TCP session "spoofing"

TCP packets carry sequence numbers used to allow out-of-order stream data to be reassembled in order and to track what data has been received so far in each side of a stream, and if necessary signal retransmission of stream data assumed to have been lost. The TCP protocol specification requires that each side set a random initial sequence number during the connection-opening handshake. However, some implementations have been quite a bit less random than others. If an attacker can open one TCP stream to a target host, then have a good chance of predicting what sequence number might be used in a subsequent connection to the host from another location, the attacker can create a forged TCP packet appearing to be from that other location with sequence numbers that might be accepted by the target host, inserting data into a stream belonging to someone else.

This can give an attacker some chance (although maybe only a small one) of inserting data into some other active session. However, inserting the right data into a security-sensitive session can be dangerous or disastrous (what if somemone managed to insert rm -rf / into a root shell session?). TCP implementations have sometimes beefed up the methods they use for generating initial sequence numbers -- preferably a crytographic pseudorandom number generator (one where even if an attacker can collect and analyze a large number of outputs, they will not be able to predict the next output).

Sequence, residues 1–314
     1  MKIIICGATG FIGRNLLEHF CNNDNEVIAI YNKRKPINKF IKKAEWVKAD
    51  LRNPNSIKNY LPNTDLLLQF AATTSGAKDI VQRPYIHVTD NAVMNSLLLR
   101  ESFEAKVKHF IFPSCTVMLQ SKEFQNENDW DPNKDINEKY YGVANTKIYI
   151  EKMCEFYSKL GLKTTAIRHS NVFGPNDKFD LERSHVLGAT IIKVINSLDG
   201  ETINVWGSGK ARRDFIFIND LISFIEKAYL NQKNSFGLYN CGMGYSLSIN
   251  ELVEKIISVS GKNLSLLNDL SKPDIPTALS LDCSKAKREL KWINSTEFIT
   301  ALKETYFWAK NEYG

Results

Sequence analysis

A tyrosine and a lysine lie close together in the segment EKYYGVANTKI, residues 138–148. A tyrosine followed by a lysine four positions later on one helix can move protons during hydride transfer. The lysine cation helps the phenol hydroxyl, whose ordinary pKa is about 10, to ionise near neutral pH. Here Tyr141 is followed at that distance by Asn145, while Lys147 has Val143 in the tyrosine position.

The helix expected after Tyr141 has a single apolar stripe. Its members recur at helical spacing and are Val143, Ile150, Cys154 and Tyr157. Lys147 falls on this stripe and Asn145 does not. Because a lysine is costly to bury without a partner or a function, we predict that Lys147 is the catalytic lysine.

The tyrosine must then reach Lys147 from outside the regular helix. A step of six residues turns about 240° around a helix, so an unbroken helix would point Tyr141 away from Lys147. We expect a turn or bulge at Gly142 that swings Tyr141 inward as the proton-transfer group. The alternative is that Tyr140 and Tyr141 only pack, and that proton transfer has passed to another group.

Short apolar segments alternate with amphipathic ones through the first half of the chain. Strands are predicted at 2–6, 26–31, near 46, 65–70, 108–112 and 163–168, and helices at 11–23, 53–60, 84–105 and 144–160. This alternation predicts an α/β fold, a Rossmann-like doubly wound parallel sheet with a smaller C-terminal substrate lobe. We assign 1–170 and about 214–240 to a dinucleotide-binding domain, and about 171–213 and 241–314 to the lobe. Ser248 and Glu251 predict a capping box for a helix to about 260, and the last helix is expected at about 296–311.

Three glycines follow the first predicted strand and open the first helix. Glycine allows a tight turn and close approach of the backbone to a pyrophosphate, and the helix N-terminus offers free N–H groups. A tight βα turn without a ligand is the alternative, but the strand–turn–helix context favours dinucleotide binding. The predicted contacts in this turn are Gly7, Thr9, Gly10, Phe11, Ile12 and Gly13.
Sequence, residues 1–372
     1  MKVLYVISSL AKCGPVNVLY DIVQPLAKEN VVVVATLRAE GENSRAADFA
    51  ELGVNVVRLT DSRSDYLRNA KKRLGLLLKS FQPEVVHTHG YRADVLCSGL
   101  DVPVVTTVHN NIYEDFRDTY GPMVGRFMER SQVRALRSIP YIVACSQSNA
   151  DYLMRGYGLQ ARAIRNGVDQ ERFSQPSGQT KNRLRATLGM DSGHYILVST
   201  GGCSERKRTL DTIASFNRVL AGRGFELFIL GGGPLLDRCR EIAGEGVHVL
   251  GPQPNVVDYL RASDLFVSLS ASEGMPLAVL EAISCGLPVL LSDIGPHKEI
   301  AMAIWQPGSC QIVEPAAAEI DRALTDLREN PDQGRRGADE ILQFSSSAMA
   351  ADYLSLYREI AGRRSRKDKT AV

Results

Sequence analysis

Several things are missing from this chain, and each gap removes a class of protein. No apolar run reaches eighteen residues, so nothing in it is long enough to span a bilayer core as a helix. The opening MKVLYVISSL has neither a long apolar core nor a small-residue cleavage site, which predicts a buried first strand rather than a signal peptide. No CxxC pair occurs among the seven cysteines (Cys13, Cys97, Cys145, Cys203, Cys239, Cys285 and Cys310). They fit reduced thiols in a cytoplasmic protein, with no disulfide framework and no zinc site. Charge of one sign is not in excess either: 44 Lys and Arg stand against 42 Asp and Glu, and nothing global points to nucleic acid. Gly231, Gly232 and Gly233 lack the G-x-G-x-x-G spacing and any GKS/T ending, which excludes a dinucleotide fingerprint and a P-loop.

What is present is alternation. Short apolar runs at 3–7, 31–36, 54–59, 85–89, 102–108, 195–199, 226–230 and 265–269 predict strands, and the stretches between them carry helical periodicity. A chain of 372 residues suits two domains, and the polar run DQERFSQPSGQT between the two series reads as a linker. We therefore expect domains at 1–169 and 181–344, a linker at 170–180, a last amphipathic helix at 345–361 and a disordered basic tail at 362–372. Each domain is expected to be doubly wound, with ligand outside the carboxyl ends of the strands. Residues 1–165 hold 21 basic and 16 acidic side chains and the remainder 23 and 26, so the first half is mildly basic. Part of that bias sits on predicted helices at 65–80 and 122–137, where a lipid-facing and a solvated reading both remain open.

Another defense against TCP spoofing is the use of encrypted protocols like SSH and SSL/TLS; encryption of the TCP stream data makes it much harder to insert arbitrary data into sessions, since the attacker would also have to determine the encryption method and keys in use. However, the successful insertion of random data into an encrypted session can cause denial-of-service if one endpoint detects the invalid data and decides to abort the session.

There's a very nice paper by Michael Zalewski with graphs showing the correlation characteristics of TCP initial sequence number algorithms for various OSes: "Strange Attractors and TCP/IP Sequence Number Analysis - One Year Later".

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Steve VanDevender
Last modified: Tue Aug 3 13:03:15 PDT 2004